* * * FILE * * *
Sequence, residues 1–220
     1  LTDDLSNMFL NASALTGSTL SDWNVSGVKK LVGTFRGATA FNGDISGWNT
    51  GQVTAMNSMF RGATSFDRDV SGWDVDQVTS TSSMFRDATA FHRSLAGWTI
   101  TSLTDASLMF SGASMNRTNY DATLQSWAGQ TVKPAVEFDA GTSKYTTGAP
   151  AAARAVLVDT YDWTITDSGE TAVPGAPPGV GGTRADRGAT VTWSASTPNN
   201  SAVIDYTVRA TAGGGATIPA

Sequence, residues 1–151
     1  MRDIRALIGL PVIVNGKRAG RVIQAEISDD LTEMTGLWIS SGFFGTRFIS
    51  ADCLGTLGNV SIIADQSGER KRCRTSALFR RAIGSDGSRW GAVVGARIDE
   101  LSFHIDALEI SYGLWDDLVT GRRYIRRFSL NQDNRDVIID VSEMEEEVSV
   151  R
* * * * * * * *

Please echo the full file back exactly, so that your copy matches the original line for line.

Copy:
Sequence, residues 1–220
     1  LTDDLSNMFL NASALTGSTL SDWNVSGVKK LVGTFRGATA FNGDISGWNT
    51  GQVTAMNSMF RGATSFDRDV SGWDVDQVTS TSSMFRDATA FHRSLAGWTI
   101  TSLTDASLMF SGASMNRTNY DATLQSWAGQ TVKPAVEFDA GTSKYTTGAP
   151  AAARAVLVDT YDWTITDSGE TAVPGAPPGV GGTRADRGAT VTWSASTPNN
   201  SAVIDYTVRA TAGGGATIPA

Sequence, residues 1–151
     1  MRDIRALIGL PVIVNGKRAG RVIQAEISDD LTEMTGLWIS SGFFGTRFIS
    51  ADCLGTLGNV SIIADQSGER KRCRTSALFR RAIGSDGSRW GAVVGARIDE
   101  LSFHIDALEI SYGLWDDLVT GRRYIRRFSL NQDNRDVIID VSEMEEEVSV
   151  R